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Love this series and happily, unlike others I could mention - Mr. Lynch - there is not that long between novels. I have given the max for the plot znd the writing. However, the kindle editing is all over the place with swathes of prose repeated and where are the illustrations? Hopefully Mr Kindle can get his minions on the case and rectify these faults. Finally received hard copy and so disappointed as no illustrations. Proper let down. Had to knock a star off but this is no reflection on the author whatsoever.
This author is a master of intrigue and I challenge anyone to figure out where the story line is going. He weaves stories into stories and you really get hooked on the characters. His descriptions of the cities, clothing and habits of the times are marvellous. On the other hand, you had better have a cast iron stomach to digest the horrors and brutality he writes about. I worry as to where he dreams up these horrible sadistic situations. I can't recommend it as bedtime reading but I have to admit I will miss Master Corbett and his friends. And enemies. One star off for the violence.
Robert R. McCammon has made another amazing entry in the Matthew Corbett series. Though I understand some readers have been upset that this entry seemed to be a side note to the continued search for the mirror, I disagree. If Mr. McCammon decided to write ten more books in the Corbett series and continue with side adventures I would be happy. I say this because of Mr. McCammon's superb storytelling. I dont really have much to add about the story in this book because I am sure others have explained the premise. I don't want to potentially give spoilers either. I do want to comment on one character in particular. DeKay. I could not stop reading during DeKay's backstory. In addition, the backstory of Cardinal Black was equally a page turner (or page swiper on my Kindle).
Their book got off track with the back stories of several characters which had nothing to do with anything in the plot. The ending was forced after wading through the subplots. Writing was very good and an exciting story despite all.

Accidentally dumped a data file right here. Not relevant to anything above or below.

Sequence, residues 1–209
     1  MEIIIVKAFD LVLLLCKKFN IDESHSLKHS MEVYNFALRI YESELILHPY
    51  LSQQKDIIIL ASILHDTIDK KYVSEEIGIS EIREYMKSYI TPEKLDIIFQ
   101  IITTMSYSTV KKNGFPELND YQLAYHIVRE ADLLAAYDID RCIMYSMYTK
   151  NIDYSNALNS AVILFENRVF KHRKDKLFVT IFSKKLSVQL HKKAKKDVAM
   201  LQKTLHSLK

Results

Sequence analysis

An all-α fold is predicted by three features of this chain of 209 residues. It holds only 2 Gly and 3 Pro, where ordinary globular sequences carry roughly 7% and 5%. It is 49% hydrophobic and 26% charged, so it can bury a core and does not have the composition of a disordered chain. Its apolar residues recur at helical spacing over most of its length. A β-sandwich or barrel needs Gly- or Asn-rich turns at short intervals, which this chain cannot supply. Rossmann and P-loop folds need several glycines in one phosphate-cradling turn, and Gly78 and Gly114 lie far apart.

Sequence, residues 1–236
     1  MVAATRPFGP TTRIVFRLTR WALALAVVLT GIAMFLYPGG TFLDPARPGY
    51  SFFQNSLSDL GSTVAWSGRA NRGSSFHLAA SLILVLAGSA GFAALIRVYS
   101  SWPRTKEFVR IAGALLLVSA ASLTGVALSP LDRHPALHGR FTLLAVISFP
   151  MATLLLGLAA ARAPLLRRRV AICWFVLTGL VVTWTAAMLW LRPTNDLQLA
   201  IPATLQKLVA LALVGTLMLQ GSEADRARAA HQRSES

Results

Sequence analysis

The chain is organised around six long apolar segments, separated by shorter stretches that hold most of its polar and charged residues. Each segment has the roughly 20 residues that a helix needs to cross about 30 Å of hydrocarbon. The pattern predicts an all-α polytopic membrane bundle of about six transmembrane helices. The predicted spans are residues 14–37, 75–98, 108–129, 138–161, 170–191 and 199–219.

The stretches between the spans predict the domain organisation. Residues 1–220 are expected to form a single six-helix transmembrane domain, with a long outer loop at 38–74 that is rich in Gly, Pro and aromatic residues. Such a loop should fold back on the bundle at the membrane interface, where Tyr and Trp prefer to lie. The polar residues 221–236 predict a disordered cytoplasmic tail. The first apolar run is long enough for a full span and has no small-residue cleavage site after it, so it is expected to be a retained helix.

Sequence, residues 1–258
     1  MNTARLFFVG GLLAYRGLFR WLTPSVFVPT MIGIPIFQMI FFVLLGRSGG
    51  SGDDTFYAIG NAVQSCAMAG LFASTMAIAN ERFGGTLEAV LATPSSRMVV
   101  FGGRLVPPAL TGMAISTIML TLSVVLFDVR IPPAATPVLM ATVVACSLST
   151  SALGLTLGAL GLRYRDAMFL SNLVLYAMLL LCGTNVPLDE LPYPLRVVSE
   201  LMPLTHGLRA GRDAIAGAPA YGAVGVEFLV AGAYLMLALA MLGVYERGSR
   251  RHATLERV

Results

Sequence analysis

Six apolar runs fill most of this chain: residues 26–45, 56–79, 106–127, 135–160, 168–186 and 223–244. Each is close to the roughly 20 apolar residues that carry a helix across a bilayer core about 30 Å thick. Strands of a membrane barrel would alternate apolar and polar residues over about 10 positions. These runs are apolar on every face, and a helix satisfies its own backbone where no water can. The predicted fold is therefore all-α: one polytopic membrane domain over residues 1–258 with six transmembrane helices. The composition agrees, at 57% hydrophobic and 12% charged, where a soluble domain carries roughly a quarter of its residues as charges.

There are great moments of writing in this tome and great moments of dull repititive to-ing and fro-ing. The denoument for the explanation of the beast is rather dull. I liked the claustrophobic atmosphere of the island and the tension it builds about how to escape. I also liked the backstories of certain characters but found myself skipping pages just to finish this tome. Its a bit flabby in sections ie hudson and brom fight, needed to be trimmed.
First of all, the Kindle edition is full of flaws. Dialogue formatting is bonkers. Passages are repeated or plopped into unrelated paragraphs. There are typos. So. Many. Typos. Many scenes went on so long with gratuitous description, I found myself skipping words to hurry things up. Ordinarily, I jealously devour every word of a Corbett book. And while I liked delving into DeKay and Cardinal Black’s history, these parts may as well have been short stories. I thought this was a Matthew Corbett novel? The time travel bit in the beginning was weird. Either come back to it or save it for the end of the book as a bit of foreshadowing for the next. This novel read as if McCammon’s publishers were pressuring him for pages and he was willy nilly tossing them what he had—character sketches, short stories, discarded passages from previous Corbett novels, anything to get them off his back. Still a page-turner, just disjointed.